The Nessen Ridge Pines ecosystem is more than trees, of course. The bird community who lives there include: ruffed grouse, crow, indigo bunting, chickadee, sparrow, mourning dove, robin, warbler, flicker, hawk, turkey vulture, nuthatch, cardinal, junco, bluejay, swallow, kingbird, owl, woodpecker, scarlet tanager, oriole and wild turkey. Bat and bluebird boxes could be placed on the land to provide extra habitat. The resident mammals are squirrel, raccoon, opossum, coyote, pine marten, chipmunk, mouse, vole, mole, shrew, bat, groundhog, porcupine, skunk, bobcat, rabbit, deer, black bear and possibly badger.

We could say that the pine woods and the whole 10-acres we own is a lightly used family-forest reserve. It has rich meaning to me. My late father visited me there between 1999 and 2003. My mother, brothers and their extended families and friends use the land for picnics, hunting, berry-picking, fire-wood gathering, mushroom-hunting, camping and nature-immersion. My step-son partially grew up there. My son was born during the time we still lived there. It is the land of my great grand-parents, and of our Anishinaabe cousins and hosts, and of our native, diverse and shared Great Lakes culture.

Nessen RIdge Pines
Image by author

There are still more subtle ways in which I honour the sublime gift of the Nessen Ridge Pines. I appreciate the forest when I visit. I could wander, enthralled there, for hours at a time. I deliberate on its ethical nurturing for years and decades, making no rash decisions or actions. I conserve the south half of it, the part closer to the county road, as more domestic, while leaving the north half the more wild. I maintain the Little Field in the northwest part of the pines. Our camp is in the Norway spruce adjacent to Little Field. The gully leading northward from the field, and which drops twenty feet lower than the gentle hills around it, is cherished topography. Two or three red oak live at the edge of the pines around Little Field. Their nuts are vital to wildlife. I will only log in late fall and winter to avoid impacts on wildlife and to reduce insect or fungal damage to the forest. I revere the little, mossy glade near our camp area.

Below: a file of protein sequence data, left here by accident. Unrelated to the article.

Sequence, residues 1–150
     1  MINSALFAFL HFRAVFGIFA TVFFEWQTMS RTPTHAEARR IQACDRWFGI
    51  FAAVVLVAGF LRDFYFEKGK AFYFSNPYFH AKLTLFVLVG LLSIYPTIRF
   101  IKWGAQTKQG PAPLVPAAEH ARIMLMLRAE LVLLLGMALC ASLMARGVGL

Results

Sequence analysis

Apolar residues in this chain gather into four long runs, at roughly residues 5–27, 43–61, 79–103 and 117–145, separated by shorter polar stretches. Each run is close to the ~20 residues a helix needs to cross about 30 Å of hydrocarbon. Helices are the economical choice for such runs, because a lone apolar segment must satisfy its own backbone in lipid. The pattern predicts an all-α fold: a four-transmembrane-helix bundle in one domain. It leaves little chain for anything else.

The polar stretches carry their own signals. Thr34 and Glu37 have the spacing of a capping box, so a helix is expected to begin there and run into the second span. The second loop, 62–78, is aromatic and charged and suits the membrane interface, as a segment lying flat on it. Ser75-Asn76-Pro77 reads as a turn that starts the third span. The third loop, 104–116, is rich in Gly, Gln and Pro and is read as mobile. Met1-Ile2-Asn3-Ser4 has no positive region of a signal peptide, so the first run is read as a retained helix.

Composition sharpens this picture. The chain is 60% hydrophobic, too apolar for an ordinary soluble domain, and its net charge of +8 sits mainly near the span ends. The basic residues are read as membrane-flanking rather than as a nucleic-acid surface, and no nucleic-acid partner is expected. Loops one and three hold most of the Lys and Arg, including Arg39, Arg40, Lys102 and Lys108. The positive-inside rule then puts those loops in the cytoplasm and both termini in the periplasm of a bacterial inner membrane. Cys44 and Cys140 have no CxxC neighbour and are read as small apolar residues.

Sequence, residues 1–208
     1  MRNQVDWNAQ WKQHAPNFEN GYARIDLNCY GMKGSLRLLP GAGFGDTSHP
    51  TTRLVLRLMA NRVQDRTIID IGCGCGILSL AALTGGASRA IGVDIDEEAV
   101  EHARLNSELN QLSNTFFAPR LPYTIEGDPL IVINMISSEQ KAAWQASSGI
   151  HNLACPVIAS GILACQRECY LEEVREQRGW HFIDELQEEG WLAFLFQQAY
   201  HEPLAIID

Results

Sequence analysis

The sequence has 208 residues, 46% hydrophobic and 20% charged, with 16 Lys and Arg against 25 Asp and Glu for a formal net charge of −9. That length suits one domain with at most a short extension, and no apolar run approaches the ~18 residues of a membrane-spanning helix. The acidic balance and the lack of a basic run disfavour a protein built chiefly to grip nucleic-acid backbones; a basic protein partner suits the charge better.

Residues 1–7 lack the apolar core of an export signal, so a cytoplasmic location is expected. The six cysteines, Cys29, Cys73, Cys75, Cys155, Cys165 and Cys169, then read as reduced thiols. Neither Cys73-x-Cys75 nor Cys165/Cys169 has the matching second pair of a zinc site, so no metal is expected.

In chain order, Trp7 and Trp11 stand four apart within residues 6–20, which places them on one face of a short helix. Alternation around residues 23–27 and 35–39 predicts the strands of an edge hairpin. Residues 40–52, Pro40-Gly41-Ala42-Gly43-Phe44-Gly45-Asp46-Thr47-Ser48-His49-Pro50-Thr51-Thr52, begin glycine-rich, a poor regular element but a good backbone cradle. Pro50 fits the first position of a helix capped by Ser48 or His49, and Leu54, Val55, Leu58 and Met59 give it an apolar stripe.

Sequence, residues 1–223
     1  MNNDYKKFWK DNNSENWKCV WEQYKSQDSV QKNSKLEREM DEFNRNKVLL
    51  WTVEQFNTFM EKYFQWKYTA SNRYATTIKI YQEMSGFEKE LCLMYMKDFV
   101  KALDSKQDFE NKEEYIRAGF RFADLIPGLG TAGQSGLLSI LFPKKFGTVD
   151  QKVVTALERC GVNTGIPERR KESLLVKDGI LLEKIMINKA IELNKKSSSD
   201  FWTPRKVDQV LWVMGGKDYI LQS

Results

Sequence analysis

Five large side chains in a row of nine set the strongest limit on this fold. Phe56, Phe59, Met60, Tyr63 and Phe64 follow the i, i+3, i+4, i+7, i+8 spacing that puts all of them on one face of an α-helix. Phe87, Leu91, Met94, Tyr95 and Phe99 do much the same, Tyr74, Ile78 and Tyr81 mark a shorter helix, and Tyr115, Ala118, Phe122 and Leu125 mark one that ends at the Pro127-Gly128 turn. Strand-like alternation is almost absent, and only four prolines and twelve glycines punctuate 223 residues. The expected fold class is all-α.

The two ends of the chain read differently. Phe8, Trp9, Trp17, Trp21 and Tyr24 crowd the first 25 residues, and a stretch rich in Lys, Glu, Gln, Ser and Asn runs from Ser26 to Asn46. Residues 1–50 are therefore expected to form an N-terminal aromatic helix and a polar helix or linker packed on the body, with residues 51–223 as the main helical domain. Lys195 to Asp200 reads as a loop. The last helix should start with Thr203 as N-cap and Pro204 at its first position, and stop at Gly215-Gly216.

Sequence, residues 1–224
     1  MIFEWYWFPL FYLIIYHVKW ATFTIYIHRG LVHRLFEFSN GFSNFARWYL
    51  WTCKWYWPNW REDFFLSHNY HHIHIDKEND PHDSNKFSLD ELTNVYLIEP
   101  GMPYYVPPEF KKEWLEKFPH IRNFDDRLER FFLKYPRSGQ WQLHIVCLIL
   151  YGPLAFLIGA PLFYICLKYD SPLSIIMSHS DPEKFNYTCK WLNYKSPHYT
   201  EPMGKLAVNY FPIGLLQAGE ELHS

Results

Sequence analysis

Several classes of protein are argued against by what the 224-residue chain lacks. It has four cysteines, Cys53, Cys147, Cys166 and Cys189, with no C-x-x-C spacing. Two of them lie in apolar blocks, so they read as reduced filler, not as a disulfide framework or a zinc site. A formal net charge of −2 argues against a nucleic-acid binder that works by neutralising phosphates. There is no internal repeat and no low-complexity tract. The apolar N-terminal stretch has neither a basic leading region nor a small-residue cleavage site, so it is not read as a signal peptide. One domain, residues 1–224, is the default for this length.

I do so love forests and ecological forestry! It is exciting to be so spiritually related to the amazing beings of this lucky planet! This is exactly why forest ecologists wish they could live 300 years! To taste the near eternity of the sacred, wild ecosystem, and to live to witness and tell about the full story of a forest from seedlings of a few species in an open field to a magnificent old-growth stand with hundreds of plant species, giant, three-foot-thick trees spreading 150 feet up into the sky to catch the sunlight, large stumps and fallen logs encrusted with moss, lichen, fern and fungi, several distinct layers of undergrowth, and with such wildlife diversity as to leave one wide-eyed, alert, alive, heart-warmed, astounded and virtually screaming out—“Thank you so very, very much! to the surrounding Solar-Earth-Cosmos and its Mystery Spirits.

I strongly encourage your land nurturing plans and actions. I hope this chapter lends great enthusiasm to the numerous ways you can be involved with the responsible care for the Earth. It is such a rewarding and enriching art to practice. Do you suppose that it takes a strong and enduring commitment?

Steven Redman

Land Keeper, Steve Redman, seeks to inspire all people in the practice and support of biodiversity conservation and ecologically sensitive land and water care. He has explored interests in gardening, landscaping, ecological philosophy, and forest ecology since his youth in northern Michigan. Steve has served as a park ranger, schoolteacher, garden centre salesperson and landscaper. He enjoys wilderness recreation with friends and family. Steve nurtures 10-acres of forest in Michigan and the 2.6-acre Wilderness Edge Garden in western Washington where he lives with his wife, daughter, and dog.